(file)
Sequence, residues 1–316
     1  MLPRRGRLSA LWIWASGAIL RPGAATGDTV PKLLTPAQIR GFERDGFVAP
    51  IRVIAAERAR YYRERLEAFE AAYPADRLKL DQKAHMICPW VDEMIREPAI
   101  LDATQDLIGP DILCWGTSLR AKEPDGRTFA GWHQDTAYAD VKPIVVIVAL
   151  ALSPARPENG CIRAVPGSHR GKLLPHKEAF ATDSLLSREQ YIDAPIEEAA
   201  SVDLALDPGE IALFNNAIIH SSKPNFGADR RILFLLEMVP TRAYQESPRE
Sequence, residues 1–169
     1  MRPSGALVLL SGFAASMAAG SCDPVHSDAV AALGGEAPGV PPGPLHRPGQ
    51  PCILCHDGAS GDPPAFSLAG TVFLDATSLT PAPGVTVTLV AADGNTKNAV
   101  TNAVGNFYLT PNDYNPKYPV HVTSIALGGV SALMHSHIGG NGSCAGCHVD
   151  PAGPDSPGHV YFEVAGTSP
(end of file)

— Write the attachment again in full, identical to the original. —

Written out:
Sequence, residues 1–316
     1  MLPRRGRLSA LWIWASGAIL RPGAATGDTV PKLLTPAQIR GFERDGFVAP
    51  IRVIAAERAR YYRERLEAFE AAYPADRLKL DQKAHMICPW VDEMIREPAI
   101  LDATQDLIGP DILCWGTSLR AKEPDGRTFA GWHQDTAYAD VKPIVVIVAL
   151  ALSPARPENG CIRAVPGSHR GKLLPHKEAF ATDSLLSREQ YIDAPIEEAA
   201  SVDLALDPGE IALFNNAIIH SSKPNFGADR RILFLLEMVP TRAYQESPRE
Sequence, residues 1–169
     1  MRPSGALVLL SGFAASMAAG SCDPVHSDAV AALGGEAPGV PPGPLHRPGQ
    51  PCILCHDGAS GDPPAFSLAG TVFLDATSLT PAPGVTVTLV AADGNTKNAV
   101  TNAVGNFYLT PNDYNPKYPV HVTSIALGGV SALMHSHIGG NGSCAGCHVD
   151  PAGPDSPGHV YFEVAGTSP